Dallas is a city in the U.S. state of Texas.
The Daugava (Daugova) or Western Dvina is a river rising in the Valdai Hills, Russia, flowing through Russia, Belarus, and Latvia and into the Gulf of Riga.
Daugava National Stadium is a multifunctional stadium in Riga, Latvia, which was opened in 1958.
Daugavgrīva (Dünamünde; Dynemunt; Усть-Двинск or Ust`-Dvinsk) is a neighbourhood in North West Riga, Latvia on the left bank of the Daugava river.
A defensive wall is a fortification usually used to protect a city, town or other settlement from potential aggressors.
A demonym (δῆμος dẽmos "people, tribe", ὄόνομα ónoma "name") is a word that identifies residents or natives of a particular place, which is derived from the name of that particular place.
Denmark (Danmark), officially the Kingdom of Denmark,Kongeriget Danmark,.
Dinamo Riga (Rīgas Dinamo) is a professional ice hockey team based in Riga, Latvia.
Dinamo Riga (Rīgas Dinamo) was an ice hockey club, based in Riga, Latvia.
Leor Dimant (Leors Dimants; born December 18, 1972) better known as DJ Lethal, is a Latvian American turntablist and producer and is best known as a member of the groups House of Pain and Limp Bizkit.
A drama school, stage school or theatre school is an undergraduate and/or graduate school or department at a college or university; or a free-standing institution (such as the Drama section at the Juilliard School); which specializes in the pre-professional training in drama and theatre arts, such as acting, design and technical theatre, arts administration, and related subjects.
The Eastern Partnership (EaP) is an initiative of the European External Action Service of the European Union (EU) governing its relationship with the post-Soviet states of Armenia, Azerbaijan, Belarus, Georgia, Moldova, and Ukraine, intended to provide an avenue for discussions of trade, economic strategy, travel agreements, and other issues between the EU and its Eastern European neighbours.
Elīna Garanča (born 16 September 1976) is a Latvian mezzo-soprano.
Emigration is the act of leaving a resident country or place of residence with the intent to settle elsewhere.
Ernst Gustav Adolf Munzinger (6 July 1887 – 23 April 1945) was a German businessman and lieutenant colonel in Army intelligence.
Ernst von Bergmann (16 December 1836 – 25 March 1907) was a Baltic German surgeon.
Estonia (Eesti), officially the Republic of Estonia (Eesti Vabariik), is a sovereign state in Northern Europe.
The 1937 FIBA European Championship, commonly called FIBA EuroBasket 1937, was the second FIBA EuroBasket regional basketball championship, held by FIBA Europe.
FIBA EuroBasket 2015 was the 39th annual edition of the EuroBasket championship that is organised by FIBA Europe.
The 2009 European Women Basketball Championship, commonly called EuroBasket Women 2009, was the 32nd regional championship held by FIBA Europe.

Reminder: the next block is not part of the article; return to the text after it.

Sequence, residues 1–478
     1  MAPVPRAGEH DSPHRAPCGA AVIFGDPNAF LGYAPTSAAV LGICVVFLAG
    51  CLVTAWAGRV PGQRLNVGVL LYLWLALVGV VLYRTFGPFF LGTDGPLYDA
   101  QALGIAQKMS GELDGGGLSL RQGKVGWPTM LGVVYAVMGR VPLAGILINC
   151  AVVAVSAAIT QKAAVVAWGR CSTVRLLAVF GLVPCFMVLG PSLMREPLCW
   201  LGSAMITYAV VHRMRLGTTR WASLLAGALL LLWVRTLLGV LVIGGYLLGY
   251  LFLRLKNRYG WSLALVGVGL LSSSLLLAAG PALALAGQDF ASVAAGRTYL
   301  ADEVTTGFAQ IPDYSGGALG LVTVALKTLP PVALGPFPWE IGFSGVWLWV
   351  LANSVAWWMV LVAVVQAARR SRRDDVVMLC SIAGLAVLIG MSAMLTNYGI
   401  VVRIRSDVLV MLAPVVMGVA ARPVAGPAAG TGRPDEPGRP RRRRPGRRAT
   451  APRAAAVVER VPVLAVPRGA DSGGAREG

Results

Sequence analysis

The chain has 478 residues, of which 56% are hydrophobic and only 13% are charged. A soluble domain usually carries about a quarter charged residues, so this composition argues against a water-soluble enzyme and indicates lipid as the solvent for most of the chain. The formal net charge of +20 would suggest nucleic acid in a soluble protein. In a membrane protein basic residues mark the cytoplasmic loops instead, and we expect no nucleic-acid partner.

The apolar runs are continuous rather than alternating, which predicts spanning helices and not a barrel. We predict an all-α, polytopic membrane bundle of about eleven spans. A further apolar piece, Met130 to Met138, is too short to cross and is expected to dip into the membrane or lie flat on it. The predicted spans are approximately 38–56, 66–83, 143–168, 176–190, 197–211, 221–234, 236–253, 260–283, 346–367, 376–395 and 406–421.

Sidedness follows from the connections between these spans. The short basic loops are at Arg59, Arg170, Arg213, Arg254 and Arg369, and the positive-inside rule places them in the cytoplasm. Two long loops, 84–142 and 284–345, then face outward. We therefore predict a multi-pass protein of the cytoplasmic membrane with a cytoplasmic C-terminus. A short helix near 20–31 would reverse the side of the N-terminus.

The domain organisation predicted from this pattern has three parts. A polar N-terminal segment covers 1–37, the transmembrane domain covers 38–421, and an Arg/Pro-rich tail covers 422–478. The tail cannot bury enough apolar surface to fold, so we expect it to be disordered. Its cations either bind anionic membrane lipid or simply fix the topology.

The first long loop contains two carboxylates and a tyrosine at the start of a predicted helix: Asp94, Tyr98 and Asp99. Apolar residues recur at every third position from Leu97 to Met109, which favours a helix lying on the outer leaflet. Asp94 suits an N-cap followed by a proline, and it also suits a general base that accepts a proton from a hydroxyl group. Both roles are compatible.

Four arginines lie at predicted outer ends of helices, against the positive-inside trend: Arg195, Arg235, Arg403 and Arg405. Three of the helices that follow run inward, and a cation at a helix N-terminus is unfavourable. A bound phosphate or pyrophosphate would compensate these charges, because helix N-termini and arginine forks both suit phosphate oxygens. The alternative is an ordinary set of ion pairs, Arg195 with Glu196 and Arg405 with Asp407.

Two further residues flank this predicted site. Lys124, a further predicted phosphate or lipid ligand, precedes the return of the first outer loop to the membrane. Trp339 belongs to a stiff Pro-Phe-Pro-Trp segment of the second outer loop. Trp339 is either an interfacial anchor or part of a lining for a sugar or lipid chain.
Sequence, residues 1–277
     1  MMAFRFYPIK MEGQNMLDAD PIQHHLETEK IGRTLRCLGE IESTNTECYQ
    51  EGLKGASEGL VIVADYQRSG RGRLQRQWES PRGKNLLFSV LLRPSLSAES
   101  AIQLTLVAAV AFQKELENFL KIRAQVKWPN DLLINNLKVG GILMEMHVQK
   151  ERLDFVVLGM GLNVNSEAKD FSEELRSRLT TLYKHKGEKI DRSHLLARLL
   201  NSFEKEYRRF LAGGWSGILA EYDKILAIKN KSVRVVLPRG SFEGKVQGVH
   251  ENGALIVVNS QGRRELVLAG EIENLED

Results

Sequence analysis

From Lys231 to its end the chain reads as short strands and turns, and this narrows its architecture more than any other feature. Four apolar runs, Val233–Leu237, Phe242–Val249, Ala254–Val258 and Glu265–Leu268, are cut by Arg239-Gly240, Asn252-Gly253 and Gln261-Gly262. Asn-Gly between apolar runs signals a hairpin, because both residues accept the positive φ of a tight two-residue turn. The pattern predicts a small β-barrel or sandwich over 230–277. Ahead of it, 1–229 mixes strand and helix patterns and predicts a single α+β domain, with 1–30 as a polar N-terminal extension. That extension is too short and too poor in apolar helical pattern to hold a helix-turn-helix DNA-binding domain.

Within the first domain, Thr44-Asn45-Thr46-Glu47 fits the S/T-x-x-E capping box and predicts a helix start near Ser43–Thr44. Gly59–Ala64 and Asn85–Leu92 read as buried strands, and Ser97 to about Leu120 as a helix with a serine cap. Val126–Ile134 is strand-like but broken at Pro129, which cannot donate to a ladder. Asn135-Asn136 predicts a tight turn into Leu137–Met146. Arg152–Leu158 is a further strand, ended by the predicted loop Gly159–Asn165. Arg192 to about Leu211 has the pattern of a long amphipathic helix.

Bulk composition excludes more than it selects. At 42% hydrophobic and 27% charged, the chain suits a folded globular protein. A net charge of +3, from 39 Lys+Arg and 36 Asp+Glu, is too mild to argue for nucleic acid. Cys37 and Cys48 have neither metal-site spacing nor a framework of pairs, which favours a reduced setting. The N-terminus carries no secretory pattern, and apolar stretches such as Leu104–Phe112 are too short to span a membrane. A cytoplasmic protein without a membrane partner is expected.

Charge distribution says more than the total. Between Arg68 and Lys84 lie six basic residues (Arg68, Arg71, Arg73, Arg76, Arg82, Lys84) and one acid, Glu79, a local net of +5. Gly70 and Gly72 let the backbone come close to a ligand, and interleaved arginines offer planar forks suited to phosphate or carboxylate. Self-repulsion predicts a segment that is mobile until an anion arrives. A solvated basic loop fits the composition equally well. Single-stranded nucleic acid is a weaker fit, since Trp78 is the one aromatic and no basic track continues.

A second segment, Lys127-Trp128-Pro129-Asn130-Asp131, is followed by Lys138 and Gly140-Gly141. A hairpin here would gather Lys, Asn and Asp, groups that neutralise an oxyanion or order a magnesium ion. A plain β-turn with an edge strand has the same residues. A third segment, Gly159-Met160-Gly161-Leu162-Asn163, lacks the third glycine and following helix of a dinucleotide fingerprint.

EUROCITIES is the network of major European cities, founded in 1986 by the mayors of Barcelona, Birmingham, Frankfurt, Lyon, Milan, and Rotterdam.
EuroCup Basketball, commonly known as EuroCup and currently called the 7DAYS EuroCup for name sponsorship reasons, is an annual European-wide second tier level professional basketball club competition that is organized by Euroleague Basketball, since 2002, for eligible European basketball clubs.
The EuroLeague, also known as the Turkish Airlines EuroLeague for name sponsorship reasons, is the European-wide top-tier level professional basketball club competition that is organized by Euroleague Basketball, since 2000, for eligible European basketball clubs.
The EuroLeague Women (officially FIBA EuroLeague Women) is the highest professional basketball league in Europe for women's clubs.
The European Capital of Culture is a city designated by the European Union (EU) for a period of one calendar year during which it organises a series of cultural events with a strong pan-European dimension.
The European route E 22 is one of the longest European routes.
European route E 67 is an E-road running from Prague in the Czech Republic to Helsinki in Finland by way of Poland, Lithuania, Latvia, and Estonia.
The European Union (EU) is a political and economic union of EUnum member states that are located primarily in Europe.
The Eurovision Song Contest 2003 was the 48th edition of the annual Eurovision Song Contest.
A facsimile (from Latin fac simile (to 'make alike')) is a copy or reproduction of an old book, manuscript, map, art print, or other item of historical value that is as true to the original source as possible.
FIBA EuroChallenge (called the FIBA Europe League in 2003–05, and FIBA EuroCup in 2005–08) was the 3rd tier level transnational men's professional club basketball competition in Europe, from 2003 to 2015.
The Finnic peoples or Baltic Finns consist of the peoples inhabiting the region around the Baltic Sea in Northeastern Europe who speak Finnic languages, including the Finns proper, Estonians (including Võros and Setos), Karelians (including Ludes and Olonets), Veps, Izhorians, Votes, and Livonians as well as their descendants worldwide.